7 “Musts” for Heading out the Niseko Gates
The accessibility of the Niseko backcountry and sidecountry via a series of gates is one of the most attractive features of the resort.
Over the years Niseko has garnered plenty of attention as one of the world’s best powder skiing destinations. One of its biggest draw cards is the easy access to its sidecountry and backcountry – reached by entering one of the nine gates that have been set up around the Niseko United resorts.
Once you have passed through the gates, you are officially outside the resort and responsible for your own safety. Here are our 7 “musts” for heading out of the Niseko gates:
1. Check the Niseko avalanche report
The Niseko Avalanche Report is posted online every morning before the resort opens, and is also displayed at each of the gates. It’s a must read for anyone heading through the gates.
2. Have the right gear and know how to use it
It is highly recommended that you take avalanche gear (beacon, shovel, probe) with you when heading into the Niseko sidecountry/backcountry. It’s equally important that you know how to use it.
Black Diamond Tours run Avalanche Skills Training (AST) courses that will teach you how to reduce the risks in the backcountry and operate your equipment should an avalanche occur. Rhythm Snowsports have backcountry gear available to rent or buy.
You should also prepare for all scenarios. Wear suitable clothing (quality layers are best) and pack an extra layer, water, snacks and a mobile phone.
3. Never head out alone
Riding alone in the sidecountry or backcountry is the fastest way to get yourself into serious trouble. Don’t even consider it. Find a friend, preferably a bunch of them, and head out together. You’ll be able to look out for each other in the event that something goes wrong (avalanche gear is useless if there’s no one there to use it), and you’ll have someone to back you up when you’re telling the whole bar about the bottomless turns you had later that night.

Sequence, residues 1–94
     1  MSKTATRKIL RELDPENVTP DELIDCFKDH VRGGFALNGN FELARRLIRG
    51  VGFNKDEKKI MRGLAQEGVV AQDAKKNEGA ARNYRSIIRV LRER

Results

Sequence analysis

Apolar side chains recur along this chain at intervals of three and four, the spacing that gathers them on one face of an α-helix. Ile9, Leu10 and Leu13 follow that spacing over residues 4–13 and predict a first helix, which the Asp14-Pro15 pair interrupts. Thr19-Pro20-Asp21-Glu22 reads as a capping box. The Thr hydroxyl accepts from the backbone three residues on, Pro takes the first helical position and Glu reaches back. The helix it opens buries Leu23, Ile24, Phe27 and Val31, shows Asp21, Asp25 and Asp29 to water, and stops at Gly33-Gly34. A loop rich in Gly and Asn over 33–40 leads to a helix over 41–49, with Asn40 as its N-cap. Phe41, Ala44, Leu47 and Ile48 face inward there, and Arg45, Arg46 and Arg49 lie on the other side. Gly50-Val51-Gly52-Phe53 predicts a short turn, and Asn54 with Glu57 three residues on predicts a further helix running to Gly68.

4. Have the ability
The Niseko backcountry is not the place to master the falling leaf or the wedge christie. Only advanced riders who can handle snow conditions of any kind should venture out. Niseko can throw up some extremely challenging conditions and often goes from clear blue skies one minute, to wild winter storms the next.
Luckily, Niseko has some of the best in-bounds skiing areas for those wanting an introduction to off-piste riding. Try Hirafu’s Miharashi for some seriously deep, dry turns.
5. Know the emergency contact numbers
There are emergency contact numbers for each of the resorts in the Niseko United area (Hirafu/Hanazono, Niseko Annupuri, Niseko Village, Moiwa). Have theme saved in your phone. Click here for the most-up-to-date numbers.
6. Be familiar with the area (or go with a guide)
At least one person in your group should have a good knowledge of the area you’re riding. Cloudy, foggy conditions can make it very difficult to find your way around. Have a plan and make sure it has been communicated with the entire group.
If you’re new to the area it’s always best to hire a professional guide. GoSnow offer half day, full day and 5 day powder guiding tours, which includes avalanche safety gear and instructions on how to use it. Their English-speaking, qualified guides will make sure you get the best out of the Niseko backcountry and also give you some great tips for riding in powder.
7. Read the Niseko rules
The Niseko Rules exist to ensure that everyone enjoys gets the most out of the legendary Niseko conditions while staying safe at the same time. The Niseko patrol do everything they can to open up backcountry/sidecountry areas to skiers and boarders in search of fresh snow, so there’s no excuse for ducking ropes or skiing in prohibited areas.
Have a fantastic time outside the Niseko gates. We hope you stay safe and get as lucky as this guy!